This short guide introduces you to the elements of a whodunit or thriller. Mysteries have a structure and inherent rules that are followed to write a mystery satisfying to you and to readers. This introduction to mystery writing outlines the six or more characters in every mystery and the roles they play. If your idea for a mystery is burning hot, Writing Your First MysterThis short guide introduces you to the elements of a whodunit or thriller. Mysteries have a structure and inherent rules that are followed to write a mystery satisfying to you and to readers. This introduction to mystery writing outlines the six or more characters in every mystery and the roles they play. If your idea for a mystery is burning hot, Writing Your First Mystery will start you thinking about clues, red herrings, and thrilling chase scenes.The guide assumes you are a competent writer, and also a reader of mysteries. Writing Your First Mystery is linked to Plotting Your First Mystery and Writing Killer Characters by the same author....
|Title||:||Writing Your First Mystery, #1|
|Number of Pages||:||37 Pages|
|Status||:||Available For Download|
|Last checked||:||21 Minutes ago!|
Writing Your First Mystery, #1 Reviews
I wasn't sure what to expect when I settled in to read this book. I've read some writing books that are really good and many that ended up being a waste of time. This book was in the middle of the road. It was a bit more basic than I anticipated, yet the author hit all the major elements a mystery novel should have. The book is clearly written and pleasant to read.One word of caution, the book is short, really short. I borrowed it courtesy of KU, so the short length didn't bother me, though it would have if I'd paid the full price.
Brief But InformativeI liked how this book tells you exactly what's required in writing your first mystery. The author doesn't drag out the facts with overstated details. She states what works in writing your mystery and moves on. A great introductory to mystery writing although I wish there had been a more comprehensive list of resources.
A basic guide to the basic elements of murder-mystery writing. Preston makes suggestions for what to read, who to know, questions to ask yourself. Well organized and competently written. A simple overview for beginners.
A good primer for writing mysteries, but only if you don't usually know mysteries. If you read or write mysteries, this book really isn't for you.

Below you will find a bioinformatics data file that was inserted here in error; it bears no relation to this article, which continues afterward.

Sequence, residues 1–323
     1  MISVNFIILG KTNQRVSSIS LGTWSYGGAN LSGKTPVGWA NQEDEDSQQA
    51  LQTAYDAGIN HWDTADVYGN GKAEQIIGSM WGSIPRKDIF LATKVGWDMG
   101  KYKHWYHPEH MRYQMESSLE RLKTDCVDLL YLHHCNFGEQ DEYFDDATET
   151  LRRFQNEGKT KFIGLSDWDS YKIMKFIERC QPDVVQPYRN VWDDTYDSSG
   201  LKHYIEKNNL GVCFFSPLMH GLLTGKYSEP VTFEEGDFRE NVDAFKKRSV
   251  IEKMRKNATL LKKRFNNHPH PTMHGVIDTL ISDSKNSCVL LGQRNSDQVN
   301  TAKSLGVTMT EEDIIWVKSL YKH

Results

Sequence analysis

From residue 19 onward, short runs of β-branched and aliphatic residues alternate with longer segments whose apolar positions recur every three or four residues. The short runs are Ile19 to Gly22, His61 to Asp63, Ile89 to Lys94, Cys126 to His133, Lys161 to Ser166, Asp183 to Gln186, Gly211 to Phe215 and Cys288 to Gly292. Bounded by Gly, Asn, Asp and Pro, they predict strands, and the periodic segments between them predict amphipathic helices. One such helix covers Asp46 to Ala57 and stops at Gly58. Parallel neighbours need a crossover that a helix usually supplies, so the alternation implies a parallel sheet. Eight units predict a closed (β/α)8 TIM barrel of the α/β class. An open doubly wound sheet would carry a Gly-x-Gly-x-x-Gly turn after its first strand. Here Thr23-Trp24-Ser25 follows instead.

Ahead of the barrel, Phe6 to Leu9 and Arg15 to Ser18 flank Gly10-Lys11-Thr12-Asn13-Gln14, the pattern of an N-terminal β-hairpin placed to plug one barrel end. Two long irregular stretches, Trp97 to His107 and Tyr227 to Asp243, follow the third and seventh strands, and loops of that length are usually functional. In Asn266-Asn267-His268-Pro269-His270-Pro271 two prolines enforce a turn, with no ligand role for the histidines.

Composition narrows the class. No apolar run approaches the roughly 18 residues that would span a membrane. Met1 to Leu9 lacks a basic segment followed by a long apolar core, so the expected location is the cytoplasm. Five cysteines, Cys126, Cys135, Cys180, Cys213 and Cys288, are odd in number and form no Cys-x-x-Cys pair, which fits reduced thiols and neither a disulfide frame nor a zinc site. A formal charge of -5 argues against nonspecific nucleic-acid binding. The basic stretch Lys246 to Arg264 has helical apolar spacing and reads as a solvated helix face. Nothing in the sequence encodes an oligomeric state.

Where do I get these things? No idea but I have a pdf of this book. It’s short at 18 pages in the pdf, 40 in kindle. But it’s a good, basic guide to writing murder mysteries. It talks of different genres, makes some sensible suggestions and is a quick read. She has written five ‘how-to’ books.When I first began writing mysteries, I talked to a detective in the Santa Monica Police Department. He said, “Please don't make your detective alcoholic, depressed, and divorced. We're not all like that.”Indeed. And besides picking something quirky is fun.[Side note: I wrote a short story once from a prompt on this site:https://www.theyfightcrime.org/Each time you click on it, it generates a new example. Like this:He's an uncontrollable misogynist barbarian who dotes on his loving old ma. She's a mentally unstable impetuous vampire with someone else's memories. They fight crime! How much fun is that???]Mar talks of people watching and observation. Make sure you put those observations in your writing. The waitress brought coffee. Is she tired? Do her feet hurt? Is her hair mussed as if she’s run her hands through it with frustration? Are her lips swollen as if someone else ran their hands through her hair as they kissed her?Take note. I think this is more relevant for mysteries where these kind of things are in fact, CLUES!It’s all grist for the mill. If you were to fall dead in front of me, I’d probably take notes.Yeah… me too.This is in the bio at the back:She would like to tell you that she has a fixed writing schedule that she adheres to rigidly. This is not true.Bwahaha. I think I like Mar Preston.3 stars
The author presented her views on writing a mystery in an engaging manner, with many personal recommendations. A basic guide to the key components of a mystery. The author frequently mentioned a second book in this series, one concerning plotting a mystery story. I will probably check that out too.
This is a basic, short guide but just what I needed to continue my project. Made me consider things I hadn't and make sure I was on track. A lot of it may be common sense but it is easy to let simple things fall through the cracks. This guide helps prevent that.
I wouldn't call this step-by-step, but it has good general pointers if you've thought about writing mysteries or any story, really. Makes me want to watch Monk again, haha. But yes. overall, a good short read.
Another book with a lot of insight.